Metal security bars are a good solution for window security, but they do give away the fact that that particular room is being used to house something of value.

If you want to up the ante a bit, you can replace your window with a ballistic or blast window.

Security Cameras

Although this might be a bit of an added expense, if you are wanting to be able to see what is going on outside your panic room while you are safely inside, you can install security cameras outside the room. Being able to see what is going on outside could help you anticipate further possible dangers. Security cameras can be linked to your Smartphone which means you don’t need to set up a monitor inside the panic room – just keep your phone with you. Being able to see what is going on outside can also mean that you are able to inform the authorities of the dangers thus assisting with containing the threat efficiently.

What to Put Inside a Panic Room?

Now that your room is selected and made optimized for security it’s time to choose items to place inside the safe room.

  • Phones

It is essential to have a phone in your panic room. Once you are secure inside the room you will need a way to contact the authorities. Landlines should not necessarily be your first choice as they are affected by power outages and the lines can be cut. It is better to use a cell phone. In the USA cell phones can make emergency calls even if you don’t have an active account. Make sure there is a phone charger in the room and that you have a strong signal.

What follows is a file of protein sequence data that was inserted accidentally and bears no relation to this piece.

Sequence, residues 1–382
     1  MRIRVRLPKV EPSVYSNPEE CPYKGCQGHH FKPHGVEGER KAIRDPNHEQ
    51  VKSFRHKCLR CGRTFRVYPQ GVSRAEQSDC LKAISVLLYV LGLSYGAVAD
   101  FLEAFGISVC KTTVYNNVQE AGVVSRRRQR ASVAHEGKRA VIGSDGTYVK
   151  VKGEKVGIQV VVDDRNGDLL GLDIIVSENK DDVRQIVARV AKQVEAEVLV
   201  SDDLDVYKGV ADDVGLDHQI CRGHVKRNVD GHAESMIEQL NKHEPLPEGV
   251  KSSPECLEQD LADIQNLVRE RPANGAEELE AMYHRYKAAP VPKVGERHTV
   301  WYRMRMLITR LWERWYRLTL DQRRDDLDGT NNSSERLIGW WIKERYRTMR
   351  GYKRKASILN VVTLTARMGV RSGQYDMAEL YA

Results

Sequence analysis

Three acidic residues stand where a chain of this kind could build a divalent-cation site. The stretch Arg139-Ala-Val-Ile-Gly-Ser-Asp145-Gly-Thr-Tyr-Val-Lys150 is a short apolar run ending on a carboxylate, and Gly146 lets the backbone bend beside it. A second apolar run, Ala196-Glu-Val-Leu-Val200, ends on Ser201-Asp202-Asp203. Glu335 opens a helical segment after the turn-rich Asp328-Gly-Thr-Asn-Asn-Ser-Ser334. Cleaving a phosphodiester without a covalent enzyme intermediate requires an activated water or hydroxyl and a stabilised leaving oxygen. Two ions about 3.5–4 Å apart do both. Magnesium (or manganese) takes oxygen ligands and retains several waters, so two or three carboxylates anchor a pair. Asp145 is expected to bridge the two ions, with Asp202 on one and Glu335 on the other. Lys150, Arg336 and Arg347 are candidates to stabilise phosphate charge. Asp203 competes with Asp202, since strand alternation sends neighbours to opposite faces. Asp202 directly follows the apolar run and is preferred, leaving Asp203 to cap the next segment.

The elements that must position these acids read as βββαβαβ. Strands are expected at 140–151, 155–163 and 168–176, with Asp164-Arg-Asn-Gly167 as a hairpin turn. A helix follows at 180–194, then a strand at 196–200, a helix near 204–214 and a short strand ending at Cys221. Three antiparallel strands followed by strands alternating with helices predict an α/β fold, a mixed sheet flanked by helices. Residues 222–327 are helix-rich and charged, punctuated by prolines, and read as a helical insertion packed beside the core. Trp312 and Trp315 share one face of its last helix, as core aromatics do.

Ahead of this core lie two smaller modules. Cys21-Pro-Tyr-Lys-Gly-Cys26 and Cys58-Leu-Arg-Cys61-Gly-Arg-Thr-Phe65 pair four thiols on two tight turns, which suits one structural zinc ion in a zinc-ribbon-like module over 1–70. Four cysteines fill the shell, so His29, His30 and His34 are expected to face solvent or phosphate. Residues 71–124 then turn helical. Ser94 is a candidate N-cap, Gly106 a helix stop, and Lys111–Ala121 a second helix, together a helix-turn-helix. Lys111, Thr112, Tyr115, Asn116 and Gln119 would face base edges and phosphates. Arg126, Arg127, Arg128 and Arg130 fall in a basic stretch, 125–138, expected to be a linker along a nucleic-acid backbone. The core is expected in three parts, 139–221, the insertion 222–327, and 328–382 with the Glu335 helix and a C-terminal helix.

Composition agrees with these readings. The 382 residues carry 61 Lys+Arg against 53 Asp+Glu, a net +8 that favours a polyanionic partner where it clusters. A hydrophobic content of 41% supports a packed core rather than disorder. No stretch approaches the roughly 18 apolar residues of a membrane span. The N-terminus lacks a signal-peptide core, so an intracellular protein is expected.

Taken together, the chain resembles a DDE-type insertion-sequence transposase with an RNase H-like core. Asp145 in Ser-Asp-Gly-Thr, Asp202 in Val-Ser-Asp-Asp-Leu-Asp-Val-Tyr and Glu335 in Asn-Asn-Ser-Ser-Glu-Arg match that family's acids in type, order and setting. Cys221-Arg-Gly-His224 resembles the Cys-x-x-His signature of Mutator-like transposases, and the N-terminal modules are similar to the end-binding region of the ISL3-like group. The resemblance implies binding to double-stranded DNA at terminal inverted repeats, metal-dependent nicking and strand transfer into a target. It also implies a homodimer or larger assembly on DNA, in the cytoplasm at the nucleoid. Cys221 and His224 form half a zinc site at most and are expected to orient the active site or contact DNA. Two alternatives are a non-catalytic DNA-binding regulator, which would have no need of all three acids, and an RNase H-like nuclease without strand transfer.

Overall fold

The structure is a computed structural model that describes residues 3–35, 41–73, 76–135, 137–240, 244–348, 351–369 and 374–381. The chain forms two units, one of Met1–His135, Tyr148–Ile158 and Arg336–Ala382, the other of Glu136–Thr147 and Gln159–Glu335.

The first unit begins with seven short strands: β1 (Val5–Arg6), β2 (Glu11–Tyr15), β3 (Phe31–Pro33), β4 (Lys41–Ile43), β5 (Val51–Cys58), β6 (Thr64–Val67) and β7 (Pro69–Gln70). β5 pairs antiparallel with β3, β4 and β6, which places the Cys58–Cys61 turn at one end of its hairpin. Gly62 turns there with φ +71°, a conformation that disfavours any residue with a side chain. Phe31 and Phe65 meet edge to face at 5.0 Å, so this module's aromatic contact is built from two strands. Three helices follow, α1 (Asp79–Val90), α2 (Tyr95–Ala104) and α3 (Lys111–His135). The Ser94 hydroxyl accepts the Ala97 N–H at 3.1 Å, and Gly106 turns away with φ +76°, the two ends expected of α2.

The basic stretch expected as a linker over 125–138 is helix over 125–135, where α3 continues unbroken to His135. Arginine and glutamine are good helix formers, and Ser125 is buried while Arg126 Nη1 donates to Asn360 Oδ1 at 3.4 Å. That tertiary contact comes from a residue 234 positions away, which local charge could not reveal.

• Wi-Fi

Having a good internet connection can also prove essential. Make sure that you have a strong Wi-Fi signal in the panic room.

  • Alarm

It might take time for an emergency response to arrive. Find a way to make lots of noise to attract the attention of people walking by or of neighbors. You can install an alarm that isn’t connected to a security system. The switch can be placed in the panic room and activated once you are safely inside. If you have not soundproofed your room, keep some earplugs handy! Noise not only attracts attention, but it can deter intruders from staying in your house too long.

  • Weapons

If the panic room is breached, you need to have means available to you to fight back. Pepper spray or a Taser might be items to keep in your safe room. If you are trained to use a firearm you could keep one in a safe and secure place inside the panic room.

  • Food and Water

While a panic room is not meant for use over very long periods it is a good idea to keep a small stock of food and water in the room.  Utensils and a microwave can also be placed in the room. You could possibly be there for a couple of hours and having some food available will not only calm the nerves but while away the time until help arrives.